My work to close the racial health gap was birthed out of a heart for the Upper Manhattan community. By looking at health statistics, and living, working and playing in Upper Manhattan, I can see with my own eyes, the need for solutions that disrupt the longstanding trend of adult-onset diseases and major causes of death. In 2003, I came to my work in health equity when friends in Harlem asked me to start a yoga program. Saying yes to this call to action was one of the best decisions of my life.
As a natural community builder, I’m interested in bridging divides and creating spaces where all are welcome and can belong. It so happens that many women of color are drawn to our program. The intersectionality of being a woman and a woman of color comes with unique stressors. With mothers, daughters, and grandmothers at the nucleus of homes, women have the potential to be major influencers. When health awareness, education, self-care, and community care are at the forefront of women’s lives, it impacts the family and generations to come.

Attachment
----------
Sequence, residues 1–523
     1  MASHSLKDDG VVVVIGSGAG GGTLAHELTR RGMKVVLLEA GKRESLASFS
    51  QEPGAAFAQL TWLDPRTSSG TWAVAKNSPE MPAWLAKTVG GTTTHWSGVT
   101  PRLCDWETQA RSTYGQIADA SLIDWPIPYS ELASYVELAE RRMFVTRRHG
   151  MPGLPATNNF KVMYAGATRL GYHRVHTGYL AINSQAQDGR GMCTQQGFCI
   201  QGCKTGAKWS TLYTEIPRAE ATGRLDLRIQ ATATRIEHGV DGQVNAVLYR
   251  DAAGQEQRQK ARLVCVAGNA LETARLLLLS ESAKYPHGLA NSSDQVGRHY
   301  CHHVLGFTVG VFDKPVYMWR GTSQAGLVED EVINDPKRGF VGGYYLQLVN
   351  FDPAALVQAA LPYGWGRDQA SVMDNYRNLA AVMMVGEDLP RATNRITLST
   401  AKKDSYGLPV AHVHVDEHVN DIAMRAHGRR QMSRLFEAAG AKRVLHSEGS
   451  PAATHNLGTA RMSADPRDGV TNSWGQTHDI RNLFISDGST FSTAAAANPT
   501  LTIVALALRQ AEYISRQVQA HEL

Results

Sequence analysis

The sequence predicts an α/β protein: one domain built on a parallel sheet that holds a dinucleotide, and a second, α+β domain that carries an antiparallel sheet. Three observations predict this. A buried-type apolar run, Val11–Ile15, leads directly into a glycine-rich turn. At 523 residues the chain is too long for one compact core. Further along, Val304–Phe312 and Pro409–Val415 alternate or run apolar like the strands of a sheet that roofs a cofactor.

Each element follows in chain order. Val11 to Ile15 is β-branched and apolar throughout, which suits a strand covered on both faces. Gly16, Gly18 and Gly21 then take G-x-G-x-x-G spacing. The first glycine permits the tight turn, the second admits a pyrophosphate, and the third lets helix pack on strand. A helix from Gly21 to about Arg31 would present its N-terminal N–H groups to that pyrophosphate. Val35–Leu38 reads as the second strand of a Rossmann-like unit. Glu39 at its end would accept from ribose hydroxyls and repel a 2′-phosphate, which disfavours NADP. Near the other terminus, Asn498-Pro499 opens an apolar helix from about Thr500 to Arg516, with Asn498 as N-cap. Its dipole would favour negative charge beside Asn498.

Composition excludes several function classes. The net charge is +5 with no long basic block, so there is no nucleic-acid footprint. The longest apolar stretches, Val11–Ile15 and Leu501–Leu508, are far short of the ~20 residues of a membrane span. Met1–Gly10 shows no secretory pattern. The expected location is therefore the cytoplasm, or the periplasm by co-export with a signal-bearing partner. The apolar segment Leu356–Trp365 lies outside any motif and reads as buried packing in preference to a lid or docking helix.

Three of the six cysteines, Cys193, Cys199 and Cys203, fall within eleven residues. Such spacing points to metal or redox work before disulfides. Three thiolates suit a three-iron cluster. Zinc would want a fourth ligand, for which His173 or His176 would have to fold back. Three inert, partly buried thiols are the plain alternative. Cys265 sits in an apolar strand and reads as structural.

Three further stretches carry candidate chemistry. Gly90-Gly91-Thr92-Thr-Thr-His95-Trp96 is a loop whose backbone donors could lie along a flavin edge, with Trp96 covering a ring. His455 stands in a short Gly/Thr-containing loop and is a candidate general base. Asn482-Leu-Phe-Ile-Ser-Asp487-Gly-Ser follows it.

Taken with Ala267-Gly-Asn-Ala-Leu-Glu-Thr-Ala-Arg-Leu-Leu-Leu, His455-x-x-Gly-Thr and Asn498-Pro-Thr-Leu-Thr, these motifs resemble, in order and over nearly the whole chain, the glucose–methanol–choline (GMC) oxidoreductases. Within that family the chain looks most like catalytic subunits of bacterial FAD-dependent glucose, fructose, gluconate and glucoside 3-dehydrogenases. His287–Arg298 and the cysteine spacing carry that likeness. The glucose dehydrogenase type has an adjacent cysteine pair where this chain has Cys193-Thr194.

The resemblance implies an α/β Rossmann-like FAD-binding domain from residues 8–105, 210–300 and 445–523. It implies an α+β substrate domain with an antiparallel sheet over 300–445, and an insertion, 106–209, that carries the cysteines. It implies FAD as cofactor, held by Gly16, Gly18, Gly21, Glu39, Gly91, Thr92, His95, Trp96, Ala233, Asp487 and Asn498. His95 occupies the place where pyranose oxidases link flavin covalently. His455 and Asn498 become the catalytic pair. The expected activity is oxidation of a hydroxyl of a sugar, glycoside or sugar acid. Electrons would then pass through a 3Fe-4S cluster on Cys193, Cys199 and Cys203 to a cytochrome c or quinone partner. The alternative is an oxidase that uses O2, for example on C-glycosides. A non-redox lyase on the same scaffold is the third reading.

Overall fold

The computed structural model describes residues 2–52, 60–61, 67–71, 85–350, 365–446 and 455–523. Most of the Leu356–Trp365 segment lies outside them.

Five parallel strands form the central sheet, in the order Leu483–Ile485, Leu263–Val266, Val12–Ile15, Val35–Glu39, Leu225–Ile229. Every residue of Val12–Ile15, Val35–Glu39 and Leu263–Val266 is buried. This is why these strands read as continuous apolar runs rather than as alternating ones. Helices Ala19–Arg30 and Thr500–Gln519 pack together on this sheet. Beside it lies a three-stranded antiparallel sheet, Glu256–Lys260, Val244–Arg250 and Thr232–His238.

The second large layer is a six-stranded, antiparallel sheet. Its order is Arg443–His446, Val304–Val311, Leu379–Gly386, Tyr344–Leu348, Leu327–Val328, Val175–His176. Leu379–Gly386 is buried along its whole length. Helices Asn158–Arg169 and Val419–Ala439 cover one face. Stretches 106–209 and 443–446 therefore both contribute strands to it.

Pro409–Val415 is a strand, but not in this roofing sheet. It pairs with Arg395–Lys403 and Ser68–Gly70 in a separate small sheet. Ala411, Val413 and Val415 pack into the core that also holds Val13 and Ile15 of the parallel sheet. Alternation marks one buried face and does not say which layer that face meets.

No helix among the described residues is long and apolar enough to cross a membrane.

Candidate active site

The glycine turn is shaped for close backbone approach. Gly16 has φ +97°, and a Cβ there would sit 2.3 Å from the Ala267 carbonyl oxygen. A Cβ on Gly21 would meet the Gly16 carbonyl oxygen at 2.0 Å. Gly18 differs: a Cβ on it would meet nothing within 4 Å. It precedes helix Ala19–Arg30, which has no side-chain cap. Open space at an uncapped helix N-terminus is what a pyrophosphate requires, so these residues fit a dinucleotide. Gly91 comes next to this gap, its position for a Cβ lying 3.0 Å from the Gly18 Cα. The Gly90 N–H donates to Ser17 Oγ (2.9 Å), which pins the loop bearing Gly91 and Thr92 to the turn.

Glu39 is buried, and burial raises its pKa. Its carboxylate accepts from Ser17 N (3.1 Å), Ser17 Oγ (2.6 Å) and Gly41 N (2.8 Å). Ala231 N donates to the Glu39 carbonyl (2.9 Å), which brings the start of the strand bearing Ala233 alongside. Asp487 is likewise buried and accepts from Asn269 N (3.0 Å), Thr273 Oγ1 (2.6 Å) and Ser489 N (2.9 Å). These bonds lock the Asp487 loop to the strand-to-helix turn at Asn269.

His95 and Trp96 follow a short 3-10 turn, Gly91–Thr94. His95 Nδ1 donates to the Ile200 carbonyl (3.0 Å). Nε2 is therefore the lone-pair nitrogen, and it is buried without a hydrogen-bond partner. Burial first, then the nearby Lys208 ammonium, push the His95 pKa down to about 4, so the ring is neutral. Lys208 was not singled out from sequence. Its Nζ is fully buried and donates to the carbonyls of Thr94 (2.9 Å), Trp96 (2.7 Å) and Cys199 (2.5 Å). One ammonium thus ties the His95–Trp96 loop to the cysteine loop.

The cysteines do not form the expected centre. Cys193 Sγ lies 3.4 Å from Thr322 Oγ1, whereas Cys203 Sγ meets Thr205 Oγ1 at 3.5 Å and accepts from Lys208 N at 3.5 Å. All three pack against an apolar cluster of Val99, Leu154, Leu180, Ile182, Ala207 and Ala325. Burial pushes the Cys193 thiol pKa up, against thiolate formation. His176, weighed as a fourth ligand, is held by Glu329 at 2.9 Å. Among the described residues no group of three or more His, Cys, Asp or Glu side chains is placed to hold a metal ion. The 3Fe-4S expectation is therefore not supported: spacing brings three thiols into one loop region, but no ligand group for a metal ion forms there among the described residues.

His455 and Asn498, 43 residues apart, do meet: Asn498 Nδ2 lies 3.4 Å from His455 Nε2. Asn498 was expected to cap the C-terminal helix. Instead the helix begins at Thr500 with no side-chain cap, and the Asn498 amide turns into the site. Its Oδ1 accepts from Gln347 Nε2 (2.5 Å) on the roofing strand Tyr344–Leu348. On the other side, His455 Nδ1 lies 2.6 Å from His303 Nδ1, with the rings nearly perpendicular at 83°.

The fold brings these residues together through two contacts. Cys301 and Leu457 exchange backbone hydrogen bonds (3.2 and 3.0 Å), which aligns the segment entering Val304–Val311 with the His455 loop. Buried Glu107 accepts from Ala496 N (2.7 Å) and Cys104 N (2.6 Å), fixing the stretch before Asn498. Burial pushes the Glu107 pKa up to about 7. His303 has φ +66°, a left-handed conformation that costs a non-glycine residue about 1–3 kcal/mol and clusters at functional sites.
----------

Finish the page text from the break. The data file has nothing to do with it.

The 2022 Winter Olympics just ended. Watching, I got to celebrate women crushing it. Tearing down stereotypes and proving the unlimited possibilities we hold. Across the board, women are catalyzing, shaping, and transforming neighborhoods, communities, and the world.
What are you looking forward to in your work?
Professionally, I’m looking forward to Harlem Wellness Center programs returning to in-person gatherings where we can see each other’s faces and feel each other’s energy. I’m also excited about upcoming events for the Racial Healing Hub, developing new programs, and collaborations. On a personal level, I’m planning to devote more time to my fiction and non-fiction writing projects.
Deidre B. Flowers